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Archive for September, 2015

Certified Insulation Energy Appraisers

On August 18 and 19, 2015, Gribbins Insulation hosted an Insulation Energy Appraisal Program (IEAP) training course at its headquarters in Evansville, Indiana, for the benefit of the Gribbins estimating team.  The 2-day accredited IEAP course teaches students how to review mechanical system specifics and use the latest 3E Plus software to determine the optimal insulation thickness and corresponding energy and dollar savings for a project.  After passing the exam, the following Gribbins estimators can now boast of their status as Certified Insulation Energy Appraisers:IEAP2

  • Adam Brown
  • Richard Daugherty
  • Billy Everette
  • Jake Gribbins
  • Ryan Henderson
  • Joel Smith
  • JD Smothers
  • Ed Williams

Brian Willett, Mark Gribbins, and Kyle Forrester earned their certifications in previous years.

As certified appraisers, these Gribbins estimators can offer our clients certified insulation energy appraisals to determine possible insulation improvements and their value.  More information is available here.

The Energy Appraisal Process:
1. An energy appraisal first involves an onsite facility walk-through.  The appraiser will gather data on the insulated and uninsulated piping, ductwork, and equipment. The customer can determine the extent of the audit – the entire facility or maybe just the boiler room.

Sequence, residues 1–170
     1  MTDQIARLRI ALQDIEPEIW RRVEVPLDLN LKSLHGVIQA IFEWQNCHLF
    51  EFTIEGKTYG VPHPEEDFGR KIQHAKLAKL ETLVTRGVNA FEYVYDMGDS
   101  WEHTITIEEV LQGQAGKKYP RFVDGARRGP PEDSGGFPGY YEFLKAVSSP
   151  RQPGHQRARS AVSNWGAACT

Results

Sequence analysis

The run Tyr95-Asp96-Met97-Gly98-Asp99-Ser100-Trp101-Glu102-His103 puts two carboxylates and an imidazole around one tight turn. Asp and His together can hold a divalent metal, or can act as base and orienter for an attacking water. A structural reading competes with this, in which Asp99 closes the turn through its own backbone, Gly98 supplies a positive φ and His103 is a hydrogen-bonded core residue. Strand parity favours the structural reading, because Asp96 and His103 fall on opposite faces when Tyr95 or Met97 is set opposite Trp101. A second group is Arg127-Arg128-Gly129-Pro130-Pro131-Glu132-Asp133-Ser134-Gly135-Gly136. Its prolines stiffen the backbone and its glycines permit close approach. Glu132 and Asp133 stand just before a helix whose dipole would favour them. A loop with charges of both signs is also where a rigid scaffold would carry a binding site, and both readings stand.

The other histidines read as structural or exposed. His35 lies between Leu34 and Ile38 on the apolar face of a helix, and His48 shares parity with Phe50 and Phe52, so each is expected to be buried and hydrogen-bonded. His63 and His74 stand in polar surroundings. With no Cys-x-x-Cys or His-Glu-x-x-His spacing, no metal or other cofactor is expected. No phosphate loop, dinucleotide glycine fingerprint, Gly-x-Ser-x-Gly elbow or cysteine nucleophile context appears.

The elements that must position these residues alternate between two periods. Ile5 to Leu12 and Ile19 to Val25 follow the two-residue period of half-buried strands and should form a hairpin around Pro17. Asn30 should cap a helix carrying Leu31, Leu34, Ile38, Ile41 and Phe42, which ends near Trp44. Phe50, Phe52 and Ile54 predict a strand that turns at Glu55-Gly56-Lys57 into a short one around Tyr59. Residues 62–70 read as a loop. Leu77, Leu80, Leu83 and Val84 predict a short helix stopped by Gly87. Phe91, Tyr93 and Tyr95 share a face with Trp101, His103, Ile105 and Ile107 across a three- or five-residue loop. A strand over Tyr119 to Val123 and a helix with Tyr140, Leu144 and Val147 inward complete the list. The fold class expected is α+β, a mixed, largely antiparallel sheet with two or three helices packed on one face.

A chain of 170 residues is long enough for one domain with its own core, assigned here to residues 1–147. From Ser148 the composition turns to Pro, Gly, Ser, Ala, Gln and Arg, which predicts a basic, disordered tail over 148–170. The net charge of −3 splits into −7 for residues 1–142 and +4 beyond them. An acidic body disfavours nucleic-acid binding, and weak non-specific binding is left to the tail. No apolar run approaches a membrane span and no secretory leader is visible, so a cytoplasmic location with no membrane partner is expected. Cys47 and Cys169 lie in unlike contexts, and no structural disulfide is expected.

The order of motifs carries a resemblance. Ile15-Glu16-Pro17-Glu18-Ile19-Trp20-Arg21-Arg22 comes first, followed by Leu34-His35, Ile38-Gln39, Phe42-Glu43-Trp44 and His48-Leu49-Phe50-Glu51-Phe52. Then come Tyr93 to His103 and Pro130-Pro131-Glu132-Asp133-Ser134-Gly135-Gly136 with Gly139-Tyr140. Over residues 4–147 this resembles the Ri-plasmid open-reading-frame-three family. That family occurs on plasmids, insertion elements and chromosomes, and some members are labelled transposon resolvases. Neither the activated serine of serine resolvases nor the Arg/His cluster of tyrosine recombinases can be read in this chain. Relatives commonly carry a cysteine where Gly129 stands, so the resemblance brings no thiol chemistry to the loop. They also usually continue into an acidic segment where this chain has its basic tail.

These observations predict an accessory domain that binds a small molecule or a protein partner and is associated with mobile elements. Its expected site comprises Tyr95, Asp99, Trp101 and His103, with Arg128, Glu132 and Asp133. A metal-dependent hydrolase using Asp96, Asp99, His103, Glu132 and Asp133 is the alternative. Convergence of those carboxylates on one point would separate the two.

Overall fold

2. Back at the office, the analysis process begins. Using 3e Plus software, the appraiser will determine actual Btu losses and greenhouse gas emission levels for each system and piece of equipment.IEAP3

3. An extensive final report will provide recommendations based on the results, as well as potential cost savings through effective mechanical insulation. The report will provide exact payback times and return on investment (ROI) for each system.

4. The most important step is taking advantage of the potential cost and energy savings, and moving forward with the installation of the insulation.

Powder Actuated Tools

Gribbins Insulation - Toolbox Talk 

Powder actuated tools are a valuable tool, but can be a very dangerous tool if not handled properly.  The following are a list of safety procedures while handling or use powder actuated tools:

¨     No employee shall operate a powder actuated tool unless they have been trained and certified on operating each specific tool.

¨     Tools shall be tested each day before loading in accordance with the manufacture’s recommendations to insure all safety devices are working properly.  If the tool is found to be defective it shall be immediately removed from service and not returned until properly repaired.

¨     Do not load tools until just prior to the intended firing time.

¨     Never point loaded or unloaded tools at other individuals.

¨     Do not place hands near or over the open barrel end.

¨     Appropriated PPE including safety glasses and hard hat must be worn at all times.

¨     Never leave loaded tools unattended.